Scientific Name:

Tilia americana

Other Names and Species:



United States, Canada


The sapwood of basswood is smooth white to pale brown, while the heartwood is a smooth white to more of a pale pink-brown in color. The species has a straight and fine grain. The wood is of a fine and uniform texture.


With basswood, finishing of some sort is reccommended as this species is not known to have a good resistance to attack from organisms. The wood remains smooth under friction and is reported to have a slight odor when freshly milled. Basswood dries easily and degrades very little in the process.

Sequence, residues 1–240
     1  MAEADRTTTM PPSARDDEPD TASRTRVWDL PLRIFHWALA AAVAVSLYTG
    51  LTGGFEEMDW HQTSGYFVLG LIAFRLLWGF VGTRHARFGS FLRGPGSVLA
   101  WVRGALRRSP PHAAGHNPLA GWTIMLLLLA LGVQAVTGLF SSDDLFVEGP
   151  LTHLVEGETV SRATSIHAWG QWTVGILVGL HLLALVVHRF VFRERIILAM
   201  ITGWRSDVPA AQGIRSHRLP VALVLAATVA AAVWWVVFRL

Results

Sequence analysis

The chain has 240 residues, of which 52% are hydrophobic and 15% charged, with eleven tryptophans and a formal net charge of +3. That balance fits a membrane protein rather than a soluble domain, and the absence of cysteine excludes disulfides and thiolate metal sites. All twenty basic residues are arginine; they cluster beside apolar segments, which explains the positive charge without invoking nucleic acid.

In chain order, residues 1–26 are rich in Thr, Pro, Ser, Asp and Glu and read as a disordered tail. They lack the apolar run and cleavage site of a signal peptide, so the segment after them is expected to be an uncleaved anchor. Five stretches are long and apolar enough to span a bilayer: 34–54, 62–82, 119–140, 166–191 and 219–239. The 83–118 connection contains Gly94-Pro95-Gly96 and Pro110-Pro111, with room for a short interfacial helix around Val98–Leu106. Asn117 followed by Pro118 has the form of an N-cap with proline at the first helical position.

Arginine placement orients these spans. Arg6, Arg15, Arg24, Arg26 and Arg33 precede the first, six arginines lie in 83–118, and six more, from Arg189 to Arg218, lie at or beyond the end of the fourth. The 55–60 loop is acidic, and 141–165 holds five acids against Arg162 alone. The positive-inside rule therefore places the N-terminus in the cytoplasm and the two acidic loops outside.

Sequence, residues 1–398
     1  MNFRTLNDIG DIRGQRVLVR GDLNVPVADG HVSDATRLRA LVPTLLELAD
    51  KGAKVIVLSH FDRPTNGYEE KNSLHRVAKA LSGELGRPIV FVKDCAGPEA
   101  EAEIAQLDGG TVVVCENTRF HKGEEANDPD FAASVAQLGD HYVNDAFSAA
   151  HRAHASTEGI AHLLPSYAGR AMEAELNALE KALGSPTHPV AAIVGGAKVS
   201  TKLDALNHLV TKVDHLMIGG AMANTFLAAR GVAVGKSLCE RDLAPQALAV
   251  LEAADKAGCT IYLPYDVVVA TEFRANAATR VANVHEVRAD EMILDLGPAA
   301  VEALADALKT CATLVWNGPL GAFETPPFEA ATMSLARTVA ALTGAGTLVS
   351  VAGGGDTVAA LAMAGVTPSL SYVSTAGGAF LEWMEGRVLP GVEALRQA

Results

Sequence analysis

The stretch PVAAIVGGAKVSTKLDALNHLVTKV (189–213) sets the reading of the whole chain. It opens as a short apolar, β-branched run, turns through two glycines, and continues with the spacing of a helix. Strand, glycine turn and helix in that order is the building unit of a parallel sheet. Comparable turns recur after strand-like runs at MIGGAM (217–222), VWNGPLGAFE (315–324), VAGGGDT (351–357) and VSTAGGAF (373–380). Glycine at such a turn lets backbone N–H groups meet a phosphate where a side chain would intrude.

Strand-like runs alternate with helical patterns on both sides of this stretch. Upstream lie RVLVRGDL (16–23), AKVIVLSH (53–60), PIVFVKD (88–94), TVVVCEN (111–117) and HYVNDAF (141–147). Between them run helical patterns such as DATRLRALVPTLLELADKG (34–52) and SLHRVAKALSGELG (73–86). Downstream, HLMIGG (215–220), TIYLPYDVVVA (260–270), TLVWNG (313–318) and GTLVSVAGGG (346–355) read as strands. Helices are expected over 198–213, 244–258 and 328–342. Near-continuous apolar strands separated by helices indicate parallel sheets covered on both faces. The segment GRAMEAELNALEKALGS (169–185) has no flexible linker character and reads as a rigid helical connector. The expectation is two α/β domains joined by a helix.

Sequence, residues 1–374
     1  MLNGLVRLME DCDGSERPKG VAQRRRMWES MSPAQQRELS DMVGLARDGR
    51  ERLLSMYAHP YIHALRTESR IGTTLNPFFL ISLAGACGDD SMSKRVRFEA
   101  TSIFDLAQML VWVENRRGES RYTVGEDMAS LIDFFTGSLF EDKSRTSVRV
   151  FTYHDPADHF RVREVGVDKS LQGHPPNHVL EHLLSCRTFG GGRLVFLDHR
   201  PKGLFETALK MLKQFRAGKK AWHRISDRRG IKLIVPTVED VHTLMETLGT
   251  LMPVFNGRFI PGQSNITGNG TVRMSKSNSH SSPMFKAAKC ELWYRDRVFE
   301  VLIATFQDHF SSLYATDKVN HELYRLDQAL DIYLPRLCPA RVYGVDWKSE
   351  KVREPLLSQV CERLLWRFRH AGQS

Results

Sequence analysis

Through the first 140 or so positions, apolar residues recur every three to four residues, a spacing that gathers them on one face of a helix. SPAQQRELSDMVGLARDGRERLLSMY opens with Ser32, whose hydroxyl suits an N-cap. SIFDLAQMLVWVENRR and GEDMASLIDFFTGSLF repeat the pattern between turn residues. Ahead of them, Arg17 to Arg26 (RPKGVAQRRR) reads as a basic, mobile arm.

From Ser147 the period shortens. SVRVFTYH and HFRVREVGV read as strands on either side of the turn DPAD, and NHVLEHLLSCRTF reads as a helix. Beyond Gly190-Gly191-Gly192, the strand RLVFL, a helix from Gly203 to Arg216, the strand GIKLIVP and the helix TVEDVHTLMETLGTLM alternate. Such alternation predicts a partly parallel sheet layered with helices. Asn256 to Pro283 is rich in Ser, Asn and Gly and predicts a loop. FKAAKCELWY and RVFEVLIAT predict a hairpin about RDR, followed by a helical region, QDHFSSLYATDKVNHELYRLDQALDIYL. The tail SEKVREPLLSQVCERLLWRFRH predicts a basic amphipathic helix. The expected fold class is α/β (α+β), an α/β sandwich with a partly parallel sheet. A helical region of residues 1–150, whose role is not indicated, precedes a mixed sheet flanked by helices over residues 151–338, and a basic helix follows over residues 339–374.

Janka Hardness: 410

As a flooring option, basswood is a very soft wood. It’s hardness is under one half that of southern yellow pine, one third that of red oak, one quarter of wenge, and is only approximately one sixth of santos mahogany’s ranking of 2200.


Basswood is a soft wood and thus responds very easily to machining. Basswood nails easily but its holding properties are only fair due to its softness. Staining is fair due to basswood’s soft texture. Varnishes and enamel-based paints hold much better on this species. Care must be taken to avoid denting and marring due to its significant lack of hardness.

Principal Uses:

Basswood’s uses include hard wood flooring, guitar bodies, cabinetry, trunks, and boxing & crating.